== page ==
acknowledged by Mynaugh (1984), who claimed that matemity clients recognize a male student’s ability in obstetrical nursing, consider them more patient, approve of their participation in obstetrical nursing, and accept the care they deliver. However, when considering the delivery of more professionally intimate aspects of care, most women decline male nursing students (Newbold, 1984). In general, male nursing students have experienced dis- crimination in their obstetrical nursing practice because of their gender (Benda, 1981; Brown, 1986; Tzeng, 1996). O’Lynn (2004) used a survey to explore the prevalence of discrimination and the perceived importance of gender- based barriers for male students in nursing education programs. The sample was randomly selected fi-om the current male members of the American Assembly of Men in Nursing and the current male licensed registered nurses from the U.S. state of Montana. One hundred eleven stu- dents eompleted the survey, of which 90.1% of the sam- ple stated that they were “nervous that female patients would accuse male students of sexual inappropriateness when providing intimate care.” Of the same sample, 80.0% stated that “different requirements and or lim- itations put on male students in obstetrical and gyneco- logical department clinical rotations” represent significant barriers to male nursing students.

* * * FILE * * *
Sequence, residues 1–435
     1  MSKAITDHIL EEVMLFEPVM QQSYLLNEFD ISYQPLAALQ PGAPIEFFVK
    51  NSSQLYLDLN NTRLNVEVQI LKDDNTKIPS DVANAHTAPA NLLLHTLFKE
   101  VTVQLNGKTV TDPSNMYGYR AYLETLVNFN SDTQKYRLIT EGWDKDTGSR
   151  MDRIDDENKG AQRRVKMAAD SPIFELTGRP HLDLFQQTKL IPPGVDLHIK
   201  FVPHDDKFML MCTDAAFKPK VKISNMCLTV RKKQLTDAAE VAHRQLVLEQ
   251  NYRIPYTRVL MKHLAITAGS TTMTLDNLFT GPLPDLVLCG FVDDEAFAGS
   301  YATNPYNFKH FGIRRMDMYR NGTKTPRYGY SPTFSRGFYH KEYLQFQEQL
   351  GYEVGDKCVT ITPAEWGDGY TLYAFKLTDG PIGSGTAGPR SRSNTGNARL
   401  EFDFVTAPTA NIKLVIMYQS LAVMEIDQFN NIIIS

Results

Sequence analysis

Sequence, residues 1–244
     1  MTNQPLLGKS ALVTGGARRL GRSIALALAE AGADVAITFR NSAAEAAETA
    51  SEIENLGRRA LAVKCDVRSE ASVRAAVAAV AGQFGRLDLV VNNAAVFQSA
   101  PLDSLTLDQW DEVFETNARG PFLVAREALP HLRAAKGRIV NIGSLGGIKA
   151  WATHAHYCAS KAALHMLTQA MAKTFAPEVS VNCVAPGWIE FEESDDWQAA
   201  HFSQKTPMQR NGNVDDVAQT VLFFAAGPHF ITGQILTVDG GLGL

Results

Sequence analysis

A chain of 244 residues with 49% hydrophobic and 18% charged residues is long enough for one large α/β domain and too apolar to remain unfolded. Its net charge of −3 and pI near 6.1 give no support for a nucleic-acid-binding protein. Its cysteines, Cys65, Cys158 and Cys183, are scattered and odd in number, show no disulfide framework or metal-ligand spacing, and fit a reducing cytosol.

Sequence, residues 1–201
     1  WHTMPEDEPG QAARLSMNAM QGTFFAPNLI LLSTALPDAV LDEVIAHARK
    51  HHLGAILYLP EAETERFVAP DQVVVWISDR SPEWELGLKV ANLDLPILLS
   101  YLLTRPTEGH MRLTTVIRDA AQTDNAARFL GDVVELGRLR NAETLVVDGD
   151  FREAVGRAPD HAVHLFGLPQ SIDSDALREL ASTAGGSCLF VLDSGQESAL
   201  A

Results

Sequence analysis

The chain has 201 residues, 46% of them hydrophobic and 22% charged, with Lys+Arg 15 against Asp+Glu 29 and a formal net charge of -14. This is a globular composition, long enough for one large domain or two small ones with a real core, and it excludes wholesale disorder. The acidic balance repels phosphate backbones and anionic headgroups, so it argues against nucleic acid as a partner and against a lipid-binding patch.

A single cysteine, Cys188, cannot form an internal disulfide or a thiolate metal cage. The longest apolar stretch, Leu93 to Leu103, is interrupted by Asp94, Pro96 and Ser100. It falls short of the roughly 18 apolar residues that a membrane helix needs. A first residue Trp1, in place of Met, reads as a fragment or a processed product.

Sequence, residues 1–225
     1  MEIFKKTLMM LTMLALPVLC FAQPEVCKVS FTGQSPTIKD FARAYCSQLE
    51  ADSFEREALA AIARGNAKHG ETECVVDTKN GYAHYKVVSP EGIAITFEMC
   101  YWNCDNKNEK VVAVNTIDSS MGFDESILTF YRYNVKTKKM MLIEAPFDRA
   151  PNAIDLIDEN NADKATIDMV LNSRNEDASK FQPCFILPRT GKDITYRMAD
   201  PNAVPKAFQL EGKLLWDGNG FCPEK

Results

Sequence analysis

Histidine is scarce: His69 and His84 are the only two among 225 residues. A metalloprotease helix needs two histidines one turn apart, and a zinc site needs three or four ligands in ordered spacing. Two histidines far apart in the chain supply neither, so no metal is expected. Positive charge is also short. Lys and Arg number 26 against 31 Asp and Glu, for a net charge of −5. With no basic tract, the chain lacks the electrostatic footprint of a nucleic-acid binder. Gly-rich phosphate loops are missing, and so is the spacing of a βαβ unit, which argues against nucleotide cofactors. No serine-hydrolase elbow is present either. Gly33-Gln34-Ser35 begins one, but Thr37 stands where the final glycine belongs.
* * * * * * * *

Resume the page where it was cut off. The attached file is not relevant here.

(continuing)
Sherrod (1991) suggested that the fact that male nursing students face greater obstetric role strain than do female students may be related to societal stereotypes about male nursing students in the obstetrical setting. She further explained that feminine behaviors of the obstetri- cal nurse are not viewed as socially acceptable for males. Wu (1999) asserted that the medical care system operates as one of the most gender specific of all professions. Physicians, mostly male, are in the leadership position, with nurses, mostly female, expected to assume subordi- nate roles. When the nurses who choose nursing pro- fessions contradict role expectations, such as in nursing, they are easily targeted as a disparate group. Hence, they are more apt to experience role strain arising fi-om their gender when they are in training or working (Stott, 2007; Wu, 1999). It is necessary to flirther understand the role strain experienced by male nursing students to assist in finding ways to reduce it. Furthermore, previous studies had either a small sample size or lacked comparative gender groups (Sherrod, 1991; Tzeng, Luo, Jang, & Sheng, 1999). The current study was thus designed to fill this gap in the research.

Role Strain of Nursing Students

Journal of Nursing Research Vol. 17, No. I, 2009

Design and Data Collection A cross-sectional survey using structured question-